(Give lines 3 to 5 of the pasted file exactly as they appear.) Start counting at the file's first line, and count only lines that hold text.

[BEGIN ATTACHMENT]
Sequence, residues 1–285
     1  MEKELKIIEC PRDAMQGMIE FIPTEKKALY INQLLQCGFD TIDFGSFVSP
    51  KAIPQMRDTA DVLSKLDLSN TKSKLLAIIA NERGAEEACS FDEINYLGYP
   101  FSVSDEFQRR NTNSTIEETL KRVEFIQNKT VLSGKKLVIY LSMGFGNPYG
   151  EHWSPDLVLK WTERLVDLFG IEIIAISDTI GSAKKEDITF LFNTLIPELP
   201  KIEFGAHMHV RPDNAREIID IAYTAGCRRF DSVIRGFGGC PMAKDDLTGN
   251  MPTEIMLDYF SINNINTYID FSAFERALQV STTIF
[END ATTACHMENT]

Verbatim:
    51  KAIPQMRDTA DVLSKLDLSN TKSKLLAIIA NERGAEEACS FDEINYLGYP
   101  FSVSDEFQRR NTNSTIEETL KRVEFIQNKT VLSGKKLVIY LSMGFGNPYG
   151  EHWSPDLVLK WTERLVDLFG IEIIAISDTI GSAKKEDITF LFNTLIPELP